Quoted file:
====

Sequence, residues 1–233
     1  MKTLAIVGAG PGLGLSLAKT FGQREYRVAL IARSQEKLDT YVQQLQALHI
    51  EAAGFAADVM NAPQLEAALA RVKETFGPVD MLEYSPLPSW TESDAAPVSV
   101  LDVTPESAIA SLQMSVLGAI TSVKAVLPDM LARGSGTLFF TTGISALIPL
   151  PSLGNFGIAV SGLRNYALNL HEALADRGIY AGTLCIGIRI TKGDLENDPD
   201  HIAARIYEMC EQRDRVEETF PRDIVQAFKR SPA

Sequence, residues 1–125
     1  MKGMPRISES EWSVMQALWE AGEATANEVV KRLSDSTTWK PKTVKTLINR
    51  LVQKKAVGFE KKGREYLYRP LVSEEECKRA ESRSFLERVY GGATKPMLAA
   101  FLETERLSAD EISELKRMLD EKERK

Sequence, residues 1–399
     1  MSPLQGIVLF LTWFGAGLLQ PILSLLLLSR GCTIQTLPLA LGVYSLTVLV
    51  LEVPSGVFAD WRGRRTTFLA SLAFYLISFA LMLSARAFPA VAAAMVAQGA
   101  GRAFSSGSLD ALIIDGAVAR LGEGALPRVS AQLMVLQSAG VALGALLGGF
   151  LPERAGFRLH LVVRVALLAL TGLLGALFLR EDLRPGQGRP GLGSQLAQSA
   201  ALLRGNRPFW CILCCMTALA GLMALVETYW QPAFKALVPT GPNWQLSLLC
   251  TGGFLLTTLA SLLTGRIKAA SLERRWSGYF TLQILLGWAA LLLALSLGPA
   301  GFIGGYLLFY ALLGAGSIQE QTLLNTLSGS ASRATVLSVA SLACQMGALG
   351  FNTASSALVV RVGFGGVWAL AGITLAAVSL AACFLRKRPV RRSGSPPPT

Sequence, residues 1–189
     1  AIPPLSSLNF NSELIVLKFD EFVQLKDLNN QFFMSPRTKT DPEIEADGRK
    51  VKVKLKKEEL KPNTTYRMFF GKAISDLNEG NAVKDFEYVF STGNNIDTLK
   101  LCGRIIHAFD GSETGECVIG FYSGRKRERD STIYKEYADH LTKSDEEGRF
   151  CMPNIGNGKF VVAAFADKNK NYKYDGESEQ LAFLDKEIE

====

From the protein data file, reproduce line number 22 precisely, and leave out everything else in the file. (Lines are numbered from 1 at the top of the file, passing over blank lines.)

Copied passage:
    51  VKVKLKKEEL KPNTTYRMFF GKAISDLNEG NAVKDFEYVF STGNNIDTLK